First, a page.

The Supreme Court will on Wednesday hear the athe triple talaq case filed by Shayara Banu.
Shayara Bano, 38, stirred a hornet's nest after she moved the Supreme Court to challenge the triple talaq under Muslim personal law, under which a man simply has to utter 'talaq' thrice to divorce his wife.
The consent of the woman is never taken into consideration, and as opposed to what is mandated under the Quran, the woman is never given the stipulated three months' time.
Shayara has also challenged in the apex court the concept of 'nikah-halal', under which a woman must consummate another marriage in order to go back to her first husband if she wants to. She also wants to outlaw polygamy within a Muslim marriage.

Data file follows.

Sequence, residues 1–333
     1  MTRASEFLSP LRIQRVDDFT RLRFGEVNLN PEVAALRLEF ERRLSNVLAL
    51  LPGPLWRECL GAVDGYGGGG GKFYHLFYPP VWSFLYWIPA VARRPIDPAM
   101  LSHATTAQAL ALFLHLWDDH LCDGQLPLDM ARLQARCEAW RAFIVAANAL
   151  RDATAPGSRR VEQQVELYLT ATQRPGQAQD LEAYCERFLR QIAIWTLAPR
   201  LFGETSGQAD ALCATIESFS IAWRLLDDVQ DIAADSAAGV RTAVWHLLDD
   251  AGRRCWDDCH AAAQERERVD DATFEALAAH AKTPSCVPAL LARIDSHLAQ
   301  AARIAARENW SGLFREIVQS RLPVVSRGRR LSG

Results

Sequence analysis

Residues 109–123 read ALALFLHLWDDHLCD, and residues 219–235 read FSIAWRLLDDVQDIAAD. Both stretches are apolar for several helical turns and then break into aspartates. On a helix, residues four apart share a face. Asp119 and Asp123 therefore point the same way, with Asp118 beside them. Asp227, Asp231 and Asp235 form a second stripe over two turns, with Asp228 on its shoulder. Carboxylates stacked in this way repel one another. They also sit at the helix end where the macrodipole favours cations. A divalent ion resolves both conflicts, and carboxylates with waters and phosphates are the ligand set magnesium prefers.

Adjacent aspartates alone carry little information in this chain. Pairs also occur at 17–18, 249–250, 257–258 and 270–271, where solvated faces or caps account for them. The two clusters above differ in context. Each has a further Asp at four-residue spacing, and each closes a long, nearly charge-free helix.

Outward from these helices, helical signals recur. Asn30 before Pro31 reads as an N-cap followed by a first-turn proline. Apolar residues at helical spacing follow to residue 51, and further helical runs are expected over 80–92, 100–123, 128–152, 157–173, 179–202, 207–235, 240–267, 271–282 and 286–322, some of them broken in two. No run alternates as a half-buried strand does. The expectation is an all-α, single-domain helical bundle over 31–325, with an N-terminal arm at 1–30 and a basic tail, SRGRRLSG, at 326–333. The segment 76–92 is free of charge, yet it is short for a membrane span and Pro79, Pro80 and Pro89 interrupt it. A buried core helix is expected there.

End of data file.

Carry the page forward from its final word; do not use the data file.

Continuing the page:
A resident of Kashipur, Shayara got married to Allahabad-based property dealer, Rizwan Ahmed, in 2002. The problems started soon enough.
In December last year, the Allahabad High Court termed the Islamic practice of divorcing a woman by uttering the word "talaq" thrice as unconstitutional.
The court further observed that the triple talaq practice sanctioned under Muslim Personal Law that governs marriage, property and divorce violates the rights of Muslim women.
"Triple talaq is unconstitutional, it violates the rights of Muslim women," ruled the High Court, adding that no personal law board is above the Constitution.
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